First of all, there is a jewel cabinet which sits at the top of this blog which contains ivory feet and knobs. It is one of my best creations and has been exhibited in museum shows on both sides of this country, as well as published in several magazines. When I made it I took particular concern that the ivory be from legal stock, harvested in Kenya before 1963, and I have legal papers which confirm that fact. It wasn't until 10 years later that the creation of an international convention to protect endangered species was signed ( C.I.T.I.E.S.) forcing nations to control and restrict the sale of such materials. The purpose of this treaty was to prevent the continued depletion of certain precious materials but at the same time allow for the continued consumption of existing stock. Thus, each legitimate business which had inventory of a protected substance would register the amount of stock and provide certificates with each sale showing the amount sold and the origin of that stock.
When I purchased the Brazilian rosewood (dalbergia negra) for my Louis Philippe tables from Patrick George, I got papers which certified it was harvested in Brazil in 1952. Mr. George indicated on my papers the actual amount of wood and, at the same time, reduced that amount from his list of legal stock. In theory, each dealer who maintained stock of these endangered materials would reduce their inventory lists until they were depleted, at which time there would no longer be any stock.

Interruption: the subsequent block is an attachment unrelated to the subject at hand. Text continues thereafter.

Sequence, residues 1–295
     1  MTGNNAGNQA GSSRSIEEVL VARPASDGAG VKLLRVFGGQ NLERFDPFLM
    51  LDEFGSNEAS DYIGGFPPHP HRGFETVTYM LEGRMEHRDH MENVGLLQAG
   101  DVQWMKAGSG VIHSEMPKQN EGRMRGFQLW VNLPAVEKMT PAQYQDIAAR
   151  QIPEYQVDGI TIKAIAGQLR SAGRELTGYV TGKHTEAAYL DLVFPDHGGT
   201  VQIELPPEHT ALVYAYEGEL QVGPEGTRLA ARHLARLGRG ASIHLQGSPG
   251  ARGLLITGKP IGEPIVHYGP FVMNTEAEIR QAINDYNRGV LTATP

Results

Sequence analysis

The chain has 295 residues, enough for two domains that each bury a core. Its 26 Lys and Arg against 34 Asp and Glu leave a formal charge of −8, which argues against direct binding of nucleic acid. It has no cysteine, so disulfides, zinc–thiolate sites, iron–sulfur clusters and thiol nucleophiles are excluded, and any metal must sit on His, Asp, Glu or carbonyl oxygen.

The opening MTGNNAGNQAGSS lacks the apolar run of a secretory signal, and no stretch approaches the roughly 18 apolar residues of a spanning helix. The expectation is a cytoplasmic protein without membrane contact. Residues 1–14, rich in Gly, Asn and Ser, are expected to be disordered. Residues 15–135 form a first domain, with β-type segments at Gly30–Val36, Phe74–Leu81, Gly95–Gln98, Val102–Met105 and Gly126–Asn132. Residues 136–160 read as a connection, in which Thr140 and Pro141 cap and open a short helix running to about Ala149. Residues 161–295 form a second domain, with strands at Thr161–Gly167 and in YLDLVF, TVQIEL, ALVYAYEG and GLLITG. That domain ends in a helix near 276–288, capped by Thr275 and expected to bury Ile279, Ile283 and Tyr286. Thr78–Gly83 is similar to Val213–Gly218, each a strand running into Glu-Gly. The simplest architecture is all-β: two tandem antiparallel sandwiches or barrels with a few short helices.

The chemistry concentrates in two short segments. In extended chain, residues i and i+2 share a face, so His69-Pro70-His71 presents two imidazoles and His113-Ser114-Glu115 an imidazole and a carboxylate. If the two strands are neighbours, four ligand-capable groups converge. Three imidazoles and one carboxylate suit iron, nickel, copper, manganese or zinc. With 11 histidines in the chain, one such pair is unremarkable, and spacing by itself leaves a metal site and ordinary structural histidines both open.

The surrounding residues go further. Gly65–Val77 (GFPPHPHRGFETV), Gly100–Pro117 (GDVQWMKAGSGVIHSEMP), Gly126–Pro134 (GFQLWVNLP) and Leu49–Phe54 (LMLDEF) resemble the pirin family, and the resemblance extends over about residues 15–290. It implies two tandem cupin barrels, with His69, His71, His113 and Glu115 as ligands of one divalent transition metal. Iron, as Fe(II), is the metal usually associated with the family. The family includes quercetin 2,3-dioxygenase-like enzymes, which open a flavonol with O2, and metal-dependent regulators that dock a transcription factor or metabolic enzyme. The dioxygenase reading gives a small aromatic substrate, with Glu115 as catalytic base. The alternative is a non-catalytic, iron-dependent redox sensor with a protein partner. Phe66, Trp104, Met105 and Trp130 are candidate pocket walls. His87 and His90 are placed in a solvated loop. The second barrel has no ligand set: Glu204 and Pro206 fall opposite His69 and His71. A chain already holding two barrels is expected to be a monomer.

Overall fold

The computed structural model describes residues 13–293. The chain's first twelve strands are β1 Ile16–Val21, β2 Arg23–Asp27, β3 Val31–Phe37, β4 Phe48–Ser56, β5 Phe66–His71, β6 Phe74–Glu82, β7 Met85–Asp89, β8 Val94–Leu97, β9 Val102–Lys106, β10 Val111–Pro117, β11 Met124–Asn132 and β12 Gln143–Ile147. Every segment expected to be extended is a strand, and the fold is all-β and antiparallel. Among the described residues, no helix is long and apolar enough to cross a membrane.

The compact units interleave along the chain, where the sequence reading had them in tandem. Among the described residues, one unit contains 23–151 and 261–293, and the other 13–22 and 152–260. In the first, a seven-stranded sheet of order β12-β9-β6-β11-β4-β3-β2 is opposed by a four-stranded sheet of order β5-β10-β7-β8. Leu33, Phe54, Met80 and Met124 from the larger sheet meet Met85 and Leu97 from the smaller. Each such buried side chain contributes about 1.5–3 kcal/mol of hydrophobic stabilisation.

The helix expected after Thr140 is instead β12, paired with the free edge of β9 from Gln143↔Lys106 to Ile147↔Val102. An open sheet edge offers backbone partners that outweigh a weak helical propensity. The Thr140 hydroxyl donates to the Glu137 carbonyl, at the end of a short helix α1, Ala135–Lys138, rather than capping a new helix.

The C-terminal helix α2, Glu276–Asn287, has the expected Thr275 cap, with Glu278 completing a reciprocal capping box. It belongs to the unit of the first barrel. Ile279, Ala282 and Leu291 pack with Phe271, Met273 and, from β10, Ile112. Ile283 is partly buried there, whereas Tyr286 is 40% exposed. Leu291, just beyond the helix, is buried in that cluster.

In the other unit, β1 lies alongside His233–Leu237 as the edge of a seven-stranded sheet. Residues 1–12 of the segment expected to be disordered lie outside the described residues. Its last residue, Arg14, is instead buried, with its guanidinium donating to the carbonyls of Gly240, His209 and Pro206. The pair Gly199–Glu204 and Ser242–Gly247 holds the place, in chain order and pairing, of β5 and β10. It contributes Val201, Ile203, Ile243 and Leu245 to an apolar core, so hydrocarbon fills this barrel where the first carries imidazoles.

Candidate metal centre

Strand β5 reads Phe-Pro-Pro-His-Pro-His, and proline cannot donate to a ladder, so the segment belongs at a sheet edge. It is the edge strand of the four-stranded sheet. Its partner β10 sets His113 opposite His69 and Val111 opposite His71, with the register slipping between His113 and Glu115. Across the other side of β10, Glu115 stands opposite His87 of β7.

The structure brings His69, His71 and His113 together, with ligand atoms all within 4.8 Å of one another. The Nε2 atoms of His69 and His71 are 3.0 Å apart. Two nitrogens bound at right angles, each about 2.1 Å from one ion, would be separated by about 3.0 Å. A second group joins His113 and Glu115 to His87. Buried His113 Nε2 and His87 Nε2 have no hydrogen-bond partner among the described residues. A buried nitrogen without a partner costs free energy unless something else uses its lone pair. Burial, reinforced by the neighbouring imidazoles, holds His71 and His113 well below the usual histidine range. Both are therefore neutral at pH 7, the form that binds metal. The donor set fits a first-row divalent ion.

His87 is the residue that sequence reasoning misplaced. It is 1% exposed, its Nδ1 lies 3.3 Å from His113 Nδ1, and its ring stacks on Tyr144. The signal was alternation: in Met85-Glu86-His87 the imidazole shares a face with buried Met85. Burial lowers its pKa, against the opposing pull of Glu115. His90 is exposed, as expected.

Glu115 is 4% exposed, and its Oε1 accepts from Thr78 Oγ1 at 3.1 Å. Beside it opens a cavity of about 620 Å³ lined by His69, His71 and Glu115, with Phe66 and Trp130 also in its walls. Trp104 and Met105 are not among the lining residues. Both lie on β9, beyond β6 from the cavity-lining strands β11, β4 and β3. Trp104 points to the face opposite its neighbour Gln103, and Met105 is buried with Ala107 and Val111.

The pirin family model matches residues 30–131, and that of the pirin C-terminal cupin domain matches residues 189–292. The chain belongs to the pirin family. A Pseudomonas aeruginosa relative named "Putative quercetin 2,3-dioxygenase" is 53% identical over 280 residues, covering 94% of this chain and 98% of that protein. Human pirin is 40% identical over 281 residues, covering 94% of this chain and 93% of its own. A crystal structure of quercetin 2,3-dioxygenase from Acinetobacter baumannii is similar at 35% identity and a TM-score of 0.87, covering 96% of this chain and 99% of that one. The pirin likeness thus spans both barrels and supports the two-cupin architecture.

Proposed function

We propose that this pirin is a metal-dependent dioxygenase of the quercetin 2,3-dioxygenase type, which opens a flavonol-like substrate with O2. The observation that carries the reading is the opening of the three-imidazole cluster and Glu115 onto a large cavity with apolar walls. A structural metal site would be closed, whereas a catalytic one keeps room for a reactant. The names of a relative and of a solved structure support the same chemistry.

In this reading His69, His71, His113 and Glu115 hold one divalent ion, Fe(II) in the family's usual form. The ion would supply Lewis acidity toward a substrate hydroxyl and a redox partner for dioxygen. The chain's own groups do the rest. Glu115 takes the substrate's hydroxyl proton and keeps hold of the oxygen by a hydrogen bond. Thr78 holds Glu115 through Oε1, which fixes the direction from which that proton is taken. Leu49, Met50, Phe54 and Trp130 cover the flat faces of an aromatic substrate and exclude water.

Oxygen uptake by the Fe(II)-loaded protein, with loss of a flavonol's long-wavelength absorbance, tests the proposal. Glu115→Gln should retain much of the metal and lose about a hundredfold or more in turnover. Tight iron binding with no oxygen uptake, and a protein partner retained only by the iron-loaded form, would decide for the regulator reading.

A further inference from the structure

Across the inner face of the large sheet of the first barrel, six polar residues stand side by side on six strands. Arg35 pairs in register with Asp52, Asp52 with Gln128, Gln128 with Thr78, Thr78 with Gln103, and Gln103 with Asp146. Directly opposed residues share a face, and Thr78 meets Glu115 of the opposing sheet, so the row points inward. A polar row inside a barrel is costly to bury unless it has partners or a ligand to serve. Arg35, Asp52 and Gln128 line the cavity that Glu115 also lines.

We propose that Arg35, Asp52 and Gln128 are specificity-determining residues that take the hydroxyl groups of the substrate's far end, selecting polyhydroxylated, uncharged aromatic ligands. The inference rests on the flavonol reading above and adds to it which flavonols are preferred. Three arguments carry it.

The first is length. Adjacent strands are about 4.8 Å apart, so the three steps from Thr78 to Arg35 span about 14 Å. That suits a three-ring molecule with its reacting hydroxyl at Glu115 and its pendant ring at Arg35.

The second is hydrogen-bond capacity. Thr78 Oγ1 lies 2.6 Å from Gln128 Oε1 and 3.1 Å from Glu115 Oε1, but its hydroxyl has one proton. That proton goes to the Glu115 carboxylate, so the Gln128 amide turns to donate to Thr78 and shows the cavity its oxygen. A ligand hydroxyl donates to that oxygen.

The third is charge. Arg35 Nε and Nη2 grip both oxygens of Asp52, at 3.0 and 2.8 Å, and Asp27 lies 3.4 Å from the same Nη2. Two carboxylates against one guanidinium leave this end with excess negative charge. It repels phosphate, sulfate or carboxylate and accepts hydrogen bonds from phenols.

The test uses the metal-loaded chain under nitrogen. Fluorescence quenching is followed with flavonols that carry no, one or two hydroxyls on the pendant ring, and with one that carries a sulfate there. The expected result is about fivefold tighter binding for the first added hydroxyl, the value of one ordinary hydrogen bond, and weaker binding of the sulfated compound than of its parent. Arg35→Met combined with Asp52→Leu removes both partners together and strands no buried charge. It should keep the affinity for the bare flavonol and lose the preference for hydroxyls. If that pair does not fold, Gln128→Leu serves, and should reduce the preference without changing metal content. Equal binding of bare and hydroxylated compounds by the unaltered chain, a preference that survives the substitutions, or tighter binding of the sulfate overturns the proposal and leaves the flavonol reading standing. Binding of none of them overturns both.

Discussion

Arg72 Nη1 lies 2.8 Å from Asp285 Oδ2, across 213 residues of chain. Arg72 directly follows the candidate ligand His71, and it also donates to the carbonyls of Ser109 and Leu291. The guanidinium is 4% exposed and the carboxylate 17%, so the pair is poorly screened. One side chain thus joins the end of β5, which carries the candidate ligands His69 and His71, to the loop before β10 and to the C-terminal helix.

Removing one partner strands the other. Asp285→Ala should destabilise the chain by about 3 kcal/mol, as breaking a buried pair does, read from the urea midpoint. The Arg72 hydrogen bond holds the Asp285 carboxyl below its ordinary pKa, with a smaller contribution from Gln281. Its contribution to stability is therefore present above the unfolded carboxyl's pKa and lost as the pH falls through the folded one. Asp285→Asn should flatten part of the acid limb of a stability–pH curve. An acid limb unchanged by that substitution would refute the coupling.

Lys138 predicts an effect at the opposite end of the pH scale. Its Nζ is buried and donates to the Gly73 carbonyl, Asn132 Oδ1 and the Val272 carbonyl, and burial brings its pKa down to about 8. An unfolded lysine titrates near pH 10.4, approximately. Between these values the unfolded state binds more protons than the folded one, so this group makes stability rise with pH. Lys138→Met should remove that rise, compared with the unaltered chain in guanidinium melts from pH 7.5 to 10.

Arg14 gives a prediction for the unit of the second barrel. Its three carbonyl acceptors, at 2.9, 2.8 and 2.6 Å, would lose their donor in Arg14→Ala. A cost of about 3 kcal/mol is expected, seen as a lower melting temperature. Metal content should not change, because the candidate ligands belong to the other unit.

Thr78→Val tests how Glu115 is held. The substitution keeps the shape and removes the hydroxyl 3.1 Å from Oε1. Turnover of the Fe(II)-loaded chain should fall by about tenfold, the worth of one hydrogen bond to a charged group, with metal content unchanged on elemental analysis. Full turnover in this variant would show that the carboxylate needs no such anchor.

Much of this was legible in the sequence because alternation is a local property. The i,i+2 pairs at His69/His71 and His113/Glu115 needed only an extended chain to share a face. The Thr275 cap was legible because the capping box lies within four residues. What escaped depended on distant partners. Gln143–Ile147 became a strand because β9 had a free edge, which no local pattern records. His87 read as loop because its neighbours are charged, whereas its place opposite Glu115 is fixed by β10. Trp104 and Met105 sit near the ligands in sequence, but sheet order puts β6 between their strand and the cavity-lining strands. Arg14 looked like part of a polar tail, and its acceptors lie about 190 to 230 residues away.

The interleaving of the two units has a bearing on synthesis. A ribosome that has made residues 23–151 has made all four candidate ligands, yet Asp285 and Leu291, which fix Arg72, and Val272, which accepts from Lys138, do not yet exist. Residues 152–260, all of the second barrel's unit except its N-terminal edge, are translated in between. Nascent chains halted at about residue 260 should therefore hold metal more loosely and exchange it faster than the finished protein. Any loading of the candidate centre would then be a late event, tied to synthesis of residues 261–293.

The same process was used with the ivory material I consumed for the jewel cabinet. I purchased the blanks from David Warther, and was given a certificate authenticating the ivory as pre-C.I.T.I.E.S. I included this certificate with the sale of the cabinet for the protection of the owner in the future.
I watch in dismay as each day brings news of the elimination of rhinos and elephants from the face of the earth due to illegal poaching. Obviously the efforts to legislate the control of horns and tusks has had little effect on their activities, unless it is to raise the value of their horrible trade in other markets. I cannot express the feelings I have when I see tons of illegal ivory being destroyed by countries to make a point. I feel the same way when I see antique pianos being crushed by tractors in the dump, with no effort to salvage the ivory, ebony or rosewood materials they contain.